Summer is in and triple
digit heat is placing a toll on energy use. It is imperative that electricity use is conserved by turning off
lights, running the AC only when needed, taking short showers, and unplugging
electronical devices. Other ways to conserve energy is through light bulbs that are
energy efficient such as CFL bulbs. They use 75% less energy, last 10x longer and saves the
home owner $30 or more over the life of each bulb, or about $81 a year in
savings. A single 18 watt CFL used in place of a 75 watt incandescent will
save about 570 kWh over its lifetime. These tips are just the beginning, there are innumberable ways in which you can help the environment and lower costs.
Here at RESCUE Green we
believe that cutting edge ideas, technology, design, and ever more
importantly, people with the right attitude can help save the
environment and their pocket books. Society might not have all the
answers just yet but individuals do have the power to "RESCUE Green"
the planet. Millions of people doing the right thing is at best a
positive and progressive start.
July 22, 2009
Joseph Blanco and DeAundri Abbott
SB 375: WHAT IT PORTENDS
is underway and it will change the reality of land use decision-making in California.
July 15, 2009
to predict SB 375's impact is at best an educated assessment, at worst pure
crystal ball guesswork. So much depends on actions yet to be taken, policies
and programs yet to be defined. Following is my best guess based on personal
review and discussion with a number of folks currently involved in those yet to
be taken actions.
32 requires the State of California to reduce its greenhouse gas
emissions to 1990 levels no later than 2020. SB 375 implements that program
with regard to passenger vehicles and light trucks, the bill asserts "In addition, automobiles and light trucks
account for 50 percent of air pollution in California and 70 percent
of its consumption of petroleum. Changes in land use and transportation policy,
based upon established modeling methodology, will provide significant
assistance to California's goals to implement the federal and state Clean Air Acts and to
reduce its dependence on petroleum. The Legislature intends, by this act, to
build upon that successful process by requiring metropolitan planning
organizations to develop and incorporate a sustainable communities strategy
which will be the land use allocation in the regional transportation plan."
375 shifts the focus from a local land-use allocation paradigm to a clean air
and transportation based paradigm. The plans overall success is a function of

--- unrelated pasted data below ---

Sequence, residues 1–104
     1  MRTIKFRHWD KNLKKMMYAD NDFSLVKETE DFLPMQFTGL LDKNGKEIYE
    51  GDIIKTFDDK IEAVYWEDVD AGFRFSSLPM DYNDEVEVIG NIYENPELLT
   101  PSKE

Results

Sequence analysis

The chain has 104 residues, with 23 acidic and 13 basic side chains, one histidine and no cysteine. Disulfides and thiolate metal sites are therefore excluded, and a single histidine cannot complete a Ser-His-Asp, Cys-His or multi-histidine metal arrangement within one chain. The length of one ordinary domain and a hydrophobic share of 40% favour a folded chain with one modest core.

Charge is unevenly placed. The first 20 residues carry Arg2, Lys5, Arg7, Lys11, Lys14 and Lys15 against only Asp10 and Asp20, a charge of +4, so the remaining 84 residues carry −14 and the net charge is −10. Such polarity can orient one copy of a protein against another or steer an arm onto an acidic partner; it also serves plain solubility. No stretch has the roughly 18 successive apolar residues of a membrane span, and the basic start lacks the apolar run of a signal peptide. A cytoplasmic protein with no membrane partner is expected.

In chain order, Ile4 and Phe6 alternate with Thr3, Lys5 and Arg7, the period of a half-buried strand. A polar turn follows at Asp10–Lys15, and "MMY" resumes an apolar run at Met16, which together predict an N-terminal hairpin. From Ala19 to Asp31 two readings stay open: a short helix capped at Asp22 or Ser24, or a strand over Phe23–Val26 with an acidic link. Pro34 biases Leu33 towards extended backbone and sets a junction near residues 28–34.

creating reasonable and achievable GHG reductions targets that can be measured
and plugged into the SCS analysis methodology.
bill creates a new General Plan level Land Use Plan called a Sustainable
Community Strategy (SCS) based on "current
planning assumptions" which presumably includes the base data in existing
General Plans. This process officially begins Sept
30, 2010, the day the GHG emissions targets are due from the California Air
of bullet points: California League of Conservation Voters and the NRDC
Designate a development pattern for the region including
housing areas for all of a region's population growth including employment
generated growth and including all economic segments of the population;
a transportation network needed to meet the region's transportation needs;
GHG emission reductions from the land use/transportation sector needed to
meet the region's GHG reduction target
set by the ARB to the extent feasible;
Gather and consider the best available information on the
region's farmland and habitat.
375 shifts development toward Transit Priority Projects (TPP) on infill sites
to avoid CEQA. TPP sites must be less than 8 acres in size, contain no more
than 200 units, have a density of at least 20 du/ac and be within 1/2 mile of a
major transit station or corridor. These are, by definition, infill projects
served by existing transit systems.
Templeton, Principal of the Templeton Planning Group points out that large
scale planning projects all must go through the CEQA process, prepare EIRs with
regional impact assessments and are conditioned with all manner of
environmental mitigation and monitoring programs. These SR 375 criteria can
only apply to smaller TPPs that are part of a larger master planned community
and the key question is whether a future planned transit system meets the
375 initiates the first state-wide regional planning regime in California history. By linking land use
to transportation funding and GHG reductions, the issue of local land use